My assumption is that the owner seller funds some money or hit the jackpot in the Lottery and wants to keep the property.
There is no Law, that says Seller or Buyer canâ€™t cancel any escrow, but they do have to face the consequences if that ends up in court.
Since you had Short-Sale, and buyers loan approval and all contingencies where removed, just before closing, is that what happen?
The seller could be liable for Escrow Charges, Selling and Buyer Agent, Commissions and miscellanies Expenses.
Once again, this is not legal advice. To get that you need it from an Attorney.
You said that the Seller canceled escrow. By "seller", do you mean the lender/bank or the owner of the property? In a short sale the lender who holds the note or has given the mortgage is not the seller. The seller still is the owner on Title. You get approval from the lender of the Seller because the lender has to accept getting a lower amount back instead of the full outstanding mortgage. The lender does not give disclosures to a buyer. Only the owner of the property does that who has personal knowledge.
As has been mentioned by others in this forum, get legal advice for the situation you are in.
United America Realty
First, this is not legal advice. For legal advice talk with an attorney.
Second, I realize that you are frustrated. Without knowing all the details, seeing the paperwork, etc. I am not sure that this is the best place for you to get the advice that you need.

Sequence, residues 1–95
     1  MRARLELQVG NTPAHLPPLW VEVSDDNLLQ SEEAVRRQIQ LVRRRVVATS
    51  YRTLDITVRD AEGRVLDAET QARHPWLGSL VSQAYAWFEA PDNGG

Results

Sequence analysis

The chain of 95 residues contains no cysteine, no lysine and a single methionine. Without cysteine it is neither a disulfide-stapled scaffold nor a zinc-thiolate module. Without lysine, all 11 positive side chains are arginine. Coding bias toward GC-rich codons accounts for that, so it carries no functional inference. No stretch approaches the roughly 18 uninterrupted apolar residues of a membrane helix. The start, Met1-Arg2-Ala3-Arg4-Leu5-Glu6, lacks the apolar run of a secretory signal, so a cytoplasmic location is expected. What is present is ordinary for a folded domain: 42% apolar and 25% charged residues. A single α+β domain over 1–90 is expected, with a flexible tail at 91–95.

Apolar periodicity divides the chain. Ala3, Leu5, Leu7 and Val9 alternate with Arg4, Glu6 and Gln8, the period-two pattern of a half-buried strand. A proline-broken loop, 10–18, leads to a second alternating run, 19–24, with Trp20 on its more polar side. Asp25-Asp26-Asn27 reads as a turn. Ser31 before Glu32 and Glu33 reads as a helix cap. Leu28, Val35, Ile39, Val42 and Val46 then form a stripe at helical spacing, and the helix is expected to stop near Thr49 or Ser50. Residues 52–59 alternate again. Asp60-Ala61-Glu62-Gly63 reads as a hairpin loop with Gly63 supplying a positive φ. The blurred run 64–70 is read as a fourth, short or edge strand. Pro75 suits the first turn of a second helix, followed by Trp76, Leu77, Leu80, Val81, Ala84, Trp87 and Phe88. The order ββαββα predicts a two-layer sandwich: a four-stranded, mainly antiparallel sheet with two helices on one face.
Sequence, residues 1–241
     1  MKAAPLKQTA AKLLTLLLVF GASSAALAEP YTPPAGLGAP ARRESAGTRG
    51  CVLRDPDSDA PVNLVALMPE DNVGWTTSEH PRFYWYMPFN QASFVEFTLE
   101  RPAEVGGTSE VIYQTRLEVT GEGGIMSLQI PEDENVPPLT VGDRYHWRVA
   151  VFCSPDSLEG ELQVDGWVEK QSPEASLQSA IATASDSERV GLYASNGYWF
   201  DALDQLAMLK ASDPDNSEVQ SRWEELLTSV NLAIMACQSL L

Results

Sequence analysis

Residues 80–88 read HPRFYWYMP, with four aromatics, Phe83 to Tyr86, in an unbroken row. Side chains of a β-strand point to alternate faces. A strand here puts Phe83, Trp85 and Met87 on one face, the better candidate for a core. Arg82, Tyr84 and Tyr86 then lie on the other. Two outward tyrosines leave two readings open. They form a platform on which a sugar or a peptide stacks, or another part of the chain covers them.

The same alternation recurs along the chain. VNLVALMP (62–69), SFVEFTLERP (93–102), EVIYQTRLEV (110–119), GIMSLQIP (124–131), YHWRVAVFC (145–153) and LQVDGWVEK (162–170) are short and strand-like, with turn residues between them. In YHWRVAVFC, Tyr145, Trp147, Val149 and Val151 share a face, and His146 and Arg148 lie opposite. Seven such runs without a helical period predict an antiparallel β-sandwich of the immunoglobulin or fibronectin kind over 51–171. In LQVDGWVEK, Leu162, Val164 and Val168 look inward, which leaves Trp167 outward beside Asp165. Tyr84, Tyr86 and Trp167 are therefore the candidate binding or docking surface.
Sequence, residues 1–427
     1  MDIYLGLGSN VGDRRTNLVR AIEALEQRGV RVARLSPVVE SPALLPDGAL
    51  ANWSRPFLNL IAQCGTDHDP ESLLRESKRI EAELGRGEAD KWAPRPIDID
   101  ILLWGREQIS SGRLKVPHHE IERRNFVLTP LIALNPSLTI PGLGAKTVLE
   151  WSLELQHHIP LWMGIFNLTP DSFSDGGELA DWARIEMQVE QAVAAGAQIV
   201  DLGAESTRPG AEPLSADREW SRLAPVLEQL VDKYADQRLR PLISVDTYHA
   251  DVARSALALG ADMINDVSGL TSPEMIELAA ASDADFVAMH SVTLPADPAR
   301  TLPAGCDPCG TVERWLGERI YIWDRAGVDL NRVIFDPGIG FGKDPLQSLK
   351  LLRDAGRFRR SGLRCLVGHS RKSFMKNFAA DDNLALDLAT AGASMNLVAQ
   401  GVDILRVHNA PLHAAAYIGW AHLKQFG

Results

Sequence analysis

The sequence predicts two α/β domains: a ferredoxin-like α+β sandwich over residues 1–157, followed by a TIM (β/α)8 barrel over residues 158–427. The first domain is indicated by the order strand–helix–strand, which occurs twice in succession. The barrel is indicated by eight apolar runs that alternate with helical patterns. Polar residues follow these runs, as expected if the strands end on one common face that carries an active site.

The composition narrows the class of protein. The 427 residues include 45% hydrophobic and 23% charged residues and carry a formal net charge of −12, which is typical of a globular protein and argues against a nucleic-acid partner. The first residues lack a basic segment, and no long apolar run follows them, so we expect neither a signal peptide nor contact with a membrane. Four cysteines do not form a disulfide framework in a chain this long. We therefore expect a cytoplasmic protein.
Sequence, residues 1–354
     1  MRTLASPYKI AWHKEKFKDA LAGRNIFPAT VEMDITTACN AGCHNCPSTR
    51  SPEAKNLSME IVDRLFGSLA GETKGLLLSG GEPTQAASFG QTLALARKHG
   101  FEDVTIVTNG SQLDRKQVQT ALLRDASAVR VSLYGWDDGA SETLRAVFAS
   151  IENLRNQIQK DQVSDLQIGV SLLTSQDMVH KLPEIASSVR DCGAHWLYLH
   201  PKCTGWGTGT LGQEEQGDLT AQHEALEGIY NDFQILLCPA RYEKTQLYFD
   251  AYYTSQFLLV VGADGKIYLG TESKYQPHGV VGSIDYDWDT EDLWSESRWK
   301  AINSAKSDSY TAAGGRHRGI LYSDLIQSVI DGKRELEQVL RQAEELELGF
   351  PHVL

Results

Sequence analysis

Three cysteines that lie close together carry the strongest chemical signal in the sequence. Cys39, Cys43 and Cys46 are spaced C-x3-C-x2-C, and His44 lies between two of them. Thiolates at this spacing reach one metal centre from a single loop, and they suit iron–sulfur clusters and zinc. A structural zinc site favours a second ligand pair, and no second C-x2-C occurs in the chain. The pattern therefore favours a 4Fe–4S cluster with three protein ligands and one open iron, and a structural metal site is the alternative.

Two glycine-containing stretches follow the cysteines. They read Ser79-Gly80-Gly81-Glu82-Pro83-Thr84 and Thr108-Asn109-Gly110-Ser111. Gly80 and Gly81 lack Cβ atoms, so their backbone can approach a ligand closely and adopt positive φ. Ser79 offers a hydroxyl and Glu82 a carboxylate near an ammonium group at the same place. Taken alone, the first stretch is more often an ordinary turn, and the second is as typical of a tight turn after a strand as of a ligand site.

Third, the professional that is handling the purchase for you should be the primary provider of advice. That is their role.
So, in a brief summary:
Sometimes lenders involved in short sales have buyers sign an adendum. Did you? If so, what does it say? In many cases the forms stipulates what might happen and what your recourse might be.
Also, did you read the CAR Shortsale advisory?
One of the big problems in purchasing a short sale is exactly what you encountered here...invest time, money and effort, then get zero.
It should be noted that (disclaimer - generally speaking) if a seller back at after contingencies have been removed, and they change their mind, the buyer can sue for "specific performance". The seller needs to sell, or pay the buyer damages. Just because the sale is a "short sale" subject to lender approval, the seller still is the owner, meaning that they are liable to follow the purchase agreement.
I suggest that you talk with your Realtor, if they are not helpful, talk with their broker. If they are not helpful, talk with an attorney.
Sorry for your situation. Good luck.
1) Did you use the standard CAR Residential purchase contract?
2) Did a Realtor represent you?
An Escrow is an impartial 3rd party that must have terms from and by seller/buyer that match for the close of the escrow.
Personally, barring an equitable solution from using your purchase contract's clauses that cover this situation, your loss is within local Small Claims court jurisdiction ($7,500). Whether this is a simple breach of contract case or fraud (if intent can be proven) that allows for triple damages is unknown. I would also seek a free consultation with a RE lawyer.